Pension fund thinking global with life insurance investments

by David Keelaghan01 Feb 2017

In purchasing a 21 per cent stake in Allied World Assurance Company Holdings for US$1 billion, the Ontario Municipal Employees Retirement System (OMERS) is extending its commitment to investing in the insurance industry, says the group’s head of insurance investment, Sharon Ludlow.

Ludlow came on board with OMERS last October to oversee insurance strategy for the $77 billion fund. She has a wealth of experience to call on, most notably as CEO of Swiss Re Canada and president of Aviva’s operations in Canada. 

The Allied Word deal is in conjunction with regular investment partner Fairfax Financial Holdings, which will take the majority stake in the Swiss firm. According to Ludlow, the insurance space has a lot of potential right now, with life insurance becoming a key focus with the fund’s investment strategy.

“We have significant investments in physical assets, real estate, infrastructure, private equity and the public markets,” she says. “We have specifically looked at the insurance sector as a sizeable opportunity globally where we can put our capital to work, investing in high-quality companies.”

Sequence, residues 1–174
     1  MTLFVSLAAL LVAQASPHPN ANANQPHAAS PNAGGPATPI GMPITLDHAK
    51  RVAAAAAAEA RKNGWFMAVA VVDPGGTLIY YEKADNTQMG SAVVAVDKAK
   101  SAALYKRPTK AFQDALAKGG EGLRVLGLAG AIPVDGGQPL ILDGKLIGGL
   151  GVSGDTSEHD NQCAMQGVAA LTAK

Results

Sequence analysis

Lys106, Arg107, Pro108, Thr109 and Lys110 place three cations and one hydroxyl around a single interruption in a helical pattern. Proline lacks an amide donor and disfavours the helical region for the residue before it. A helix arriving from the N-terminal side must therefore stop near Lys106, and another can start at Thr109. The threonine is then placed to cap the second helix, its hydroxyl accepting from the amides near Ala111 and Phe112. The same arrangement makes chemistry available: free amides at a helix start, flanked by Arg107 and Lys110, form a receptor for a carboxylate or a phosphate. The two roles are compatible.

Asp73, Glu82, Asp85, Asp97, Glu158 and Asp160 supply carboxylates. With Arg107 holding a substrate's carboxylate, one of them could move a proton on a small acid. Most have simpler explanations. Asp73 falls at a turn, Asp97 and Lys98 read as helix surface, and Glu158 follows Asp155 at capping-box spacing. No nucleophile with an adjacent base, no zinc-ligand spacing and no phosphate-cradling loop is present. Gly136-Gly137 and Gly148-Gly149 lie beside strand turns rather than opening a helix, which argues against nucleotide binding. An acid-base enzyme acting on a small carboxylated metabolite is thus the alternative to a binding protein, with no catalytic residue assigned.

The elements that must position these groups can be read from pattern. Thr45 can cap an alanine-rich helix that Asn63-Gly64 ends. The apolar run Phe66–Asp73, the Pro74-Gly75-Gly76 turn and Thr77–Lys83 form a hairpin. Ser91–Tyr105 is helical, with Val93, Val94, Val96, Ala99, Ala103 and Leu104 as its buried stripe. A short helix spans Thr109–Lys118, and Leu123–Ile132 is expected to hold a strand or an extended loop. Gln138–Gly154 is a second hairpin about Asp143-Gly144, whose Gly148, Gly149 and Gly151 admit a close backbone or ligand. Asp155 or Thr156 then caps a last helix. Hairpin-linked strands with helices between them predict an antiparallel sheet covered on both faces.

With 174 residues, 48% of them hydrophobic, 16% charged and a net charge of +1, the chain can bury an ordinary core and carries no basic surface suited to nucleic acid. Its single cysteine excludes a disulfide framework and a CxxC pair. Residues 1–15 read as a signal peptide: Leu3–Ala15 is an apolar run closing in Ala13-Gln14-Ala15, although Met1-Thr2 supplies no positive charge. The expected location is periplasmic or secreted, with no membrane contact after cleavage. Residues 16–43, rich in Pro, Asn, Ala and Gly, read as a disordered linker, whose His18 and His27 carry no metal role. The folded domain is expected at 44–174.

The fact that OMERS has worldwide reach means it must navigate quite diverse regulatory environments. This is as challenge, but also provides the scope to find investment opportunities not always available in Canada.

“OMERS is looking to diversify and explore new investment opportunities that it hasn’t before,” says Ludlow.” In the last few years we have seen dislocation factors in different markets that provide opportunities. In Europe, Solvency II has been a catalyst for certain companies to divest and that provides opportunities for investors to acquire new businesses.”

In the life insurance space, Asia is an obvious target for OMERS. The huge population of the region means it remains an untapped marketplace, at least relative to the North American market.

“In the life insurance space we see opportunities globally, but for different reasons,” says Ludlow. “In Asia, the market penetration is quite light and consumers are not as insured as they could be. We see a big growth opportunity. In North America, our investments would be a little more select as that market is more saturated in terms of insurance penetration.”

Investing in Shanghai or Bangkok is somewhat different from doing business in New York or London, so finding a partner with local expertise is key. Similar to its alliance with Fairfax, OMERS will therefore be searching for an equivalent in the Asian market.

“Anytime we expand into a new market we do that with a partner that has experience in the marketplace,” says Ludlow. “We will ensure that we have the right amount of governance and oversight. We want to be very careful that the investments are safe.”


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